Which USB GPSr?

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Chazz Layne
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Which USB GPSr?

#1

Post by Chazz Layne » Tue Oct 19, 2010 10:09 am

I'm hoping to get the parts pulled together and use my netbook for on-board navigation during BorregoFest, but I'm not sure which GPSr unit I should pick up. In the future, I will want to be able to run Overland Navigator, Topo!, and APRS using this setup. There seem to be a very limited number of options out there that will work with all three... suggestions?
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Re: Which USB GPSr?

#2

Post by NotAMog » Wed Oct 20, 2010 2:32 am

Chazz,

I've been using a Garmin GPS-18 hockey puck style unit for awhile. It works great. I see they have a newer GPS-18x model but I haven't checked out its features yet.

The only caveat is that the USB version only outputs Garmin data strings. That isn't a problem if you're running a utility like Franson GPSgate which will translate Garmin to NEMA. You'll also need GPSgate is your planning on running multiple GPS enabled applications simultaneously.
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Re: Which USB GPSr?

#3

Post by Chazz Layne » Wed Oct 27, 2010 6:21 pm

I do a lot of track logging and geotagging of photos - every trip, in fact - but I have never used them for navigation before and am not likely to start doing so outside the vehicle. In the past, I've been using GPSed on my phone for this purpose, but it is an extremely clunky and buggy program (both on the phone and the online-ONLY geotagging feature), and the phone's GPS is very power hungry (a problem on long trips). With these in mind I went searching for something super small, with great battery life, that could log a trip uninterrupted whilst simultaneously being plugged into or removed from the netbook for vehicle navigation.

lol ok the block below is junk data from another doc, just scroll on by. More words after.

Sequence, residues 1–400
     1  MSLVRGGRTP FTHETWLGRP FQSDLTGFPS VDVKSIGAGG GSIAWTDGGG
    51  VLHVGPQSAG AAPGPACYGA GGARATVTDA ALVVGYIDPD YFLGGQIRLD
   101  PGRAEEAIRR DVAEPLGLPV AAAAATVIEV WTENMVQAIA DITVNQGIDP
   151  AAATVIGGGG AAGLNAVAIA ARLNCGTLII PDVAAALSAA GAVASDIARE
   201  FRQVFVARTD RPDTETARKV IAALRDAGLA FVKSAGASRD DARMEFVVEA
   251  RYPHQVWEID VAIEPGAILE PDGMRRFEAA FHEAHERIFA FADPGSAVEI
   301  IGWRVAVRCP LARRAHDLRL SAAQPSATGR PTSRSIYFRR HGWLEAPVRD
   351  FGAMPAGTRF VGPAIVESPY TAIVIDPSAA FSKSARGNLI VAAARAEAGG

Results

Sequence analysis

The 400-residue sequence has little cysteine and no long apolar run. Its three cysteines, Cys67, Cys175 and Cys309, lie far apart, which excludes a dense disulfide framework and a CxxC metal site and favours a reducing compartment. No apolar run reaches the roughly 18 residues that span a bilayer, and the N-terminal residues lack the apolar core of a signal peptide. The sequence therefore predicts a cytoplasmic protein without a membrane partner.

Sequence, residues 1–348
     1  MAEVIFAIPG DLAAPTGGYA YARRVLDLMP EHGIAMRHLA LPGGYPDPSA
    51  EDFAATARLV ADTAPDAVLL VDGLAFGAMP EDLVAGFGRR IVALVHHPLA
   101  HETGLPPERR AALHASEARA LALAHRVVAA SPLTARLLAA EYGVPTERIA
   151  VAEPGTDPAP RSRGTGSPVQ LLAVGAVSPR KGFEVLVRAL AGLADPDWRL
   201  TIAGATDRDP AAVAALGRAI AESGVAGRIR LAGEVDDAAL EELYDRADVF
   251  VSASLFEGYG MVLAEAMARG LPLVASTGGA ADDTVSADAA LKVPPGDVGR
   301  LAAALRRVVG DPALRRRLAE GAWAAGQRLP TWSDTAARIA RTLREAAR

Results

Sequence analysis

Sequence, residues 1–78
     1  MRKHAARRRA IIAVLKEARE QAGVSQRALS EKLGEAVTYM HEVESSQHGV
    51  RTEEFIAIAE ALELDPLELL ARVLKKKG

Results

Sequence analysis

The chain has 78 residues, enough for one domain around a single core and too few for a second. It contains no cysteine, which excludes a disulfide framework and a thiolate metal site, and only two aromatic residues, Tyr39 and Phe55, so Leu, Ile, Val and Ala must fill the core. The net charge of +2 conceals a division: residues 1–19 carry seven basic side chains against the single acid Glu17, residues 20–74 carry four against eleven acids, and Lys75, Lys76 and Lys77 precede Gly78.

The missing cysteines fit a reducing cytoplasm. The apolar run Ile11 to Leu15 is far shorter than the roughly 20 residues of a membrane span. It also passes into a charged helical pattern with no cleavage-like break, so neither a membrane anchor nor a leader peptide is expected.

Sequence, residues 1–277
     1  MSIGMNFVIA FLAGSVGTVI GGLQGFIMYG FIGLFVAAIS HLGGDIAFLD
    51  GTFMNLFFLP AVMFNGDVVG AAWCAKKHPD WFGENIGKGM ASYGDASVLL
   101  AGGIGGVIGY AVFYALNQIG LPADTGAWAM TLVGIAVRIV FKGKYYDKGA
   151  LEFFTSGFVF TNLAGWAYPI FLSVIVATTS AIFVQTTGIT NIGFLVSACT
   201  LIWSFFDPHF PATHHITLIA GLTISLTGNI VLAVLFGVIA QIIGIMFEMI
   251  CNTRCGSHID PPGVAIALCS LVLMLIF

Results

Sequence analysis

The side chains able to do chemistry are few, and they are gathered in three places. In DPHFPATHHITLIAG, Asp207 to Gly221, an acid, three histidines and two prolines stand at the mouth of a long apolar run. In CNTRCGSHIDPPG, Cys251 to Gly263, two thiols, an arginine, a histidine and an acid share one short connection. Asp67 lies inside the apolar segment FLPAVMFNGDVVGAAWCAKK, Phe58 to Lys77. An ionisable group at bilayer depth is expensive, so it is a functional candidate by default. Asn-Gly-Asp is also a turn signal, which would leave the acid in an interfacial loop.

After a lot of reading and a conversation with DaveK on his setup, I was going to go with a smaller eTrex unit so I could easily toss it into my pocket for hikes or rides. It was still bigger than I wanted though, and would be seriously limited in charging options (AAA batteries). I decided to search one last time for a solution when I stumbled on this:

Image
http://www.amazon.com/Q-1000XT-BT-Q1000 ... 679&sr=8-1

Qstarz Q-1000XT Travel Logger

It is about half the size of a Garmin eTrex, has no display to break, runs for about 42 hours off of a generic Nokia li-ion battery (easy/cheap spares), recharges via USB (car charger included), tracks for about a month (assuming 10-hour days at one mark every 5 seconds), and will share itself to a computer over USB and/or Bluetooth without affecting it's own built-in track logging. The included software is easy to use and geotags happen on the computer, instead of over the internet, so it is much more reliable. The tagged photos can then be uploaded anywhere they need to go either in the software or via the traditional methods.

I've only had a little time with it so far, during BorregoFest, and none of it was with a computer for navigation. Power-up to location fix was about 15-20 seconds, and seems to work just as well on foot, in a vehicle's glove box, or in a building. A small slide switch on one side sets the device to "off", "nav" for computer USB/BT navigation only, or "log" for simultaneous internal trip logging and computer USB/BT navigation. I used "log" during the Truckhaven and Lost Ship of Pearls run and left it in the console under the dash. The resulting tracks were flawless, and I've been able to zoom in to my geotagged photo locations on Google Maps to find everything right where it should be. The only other control on the device is a small red button on the top, which can be used to mark points-of-interest in the track log. There are 3 LEDs on the top surrounding the button: one blue for Bluetooth, one green/red for battery, one amber/red for GPS fix (red flashes when marking POIs). It is also capable of audio feedback, which makes it easy to flip on/off and mark POIs while driving without taking your eyes off the road.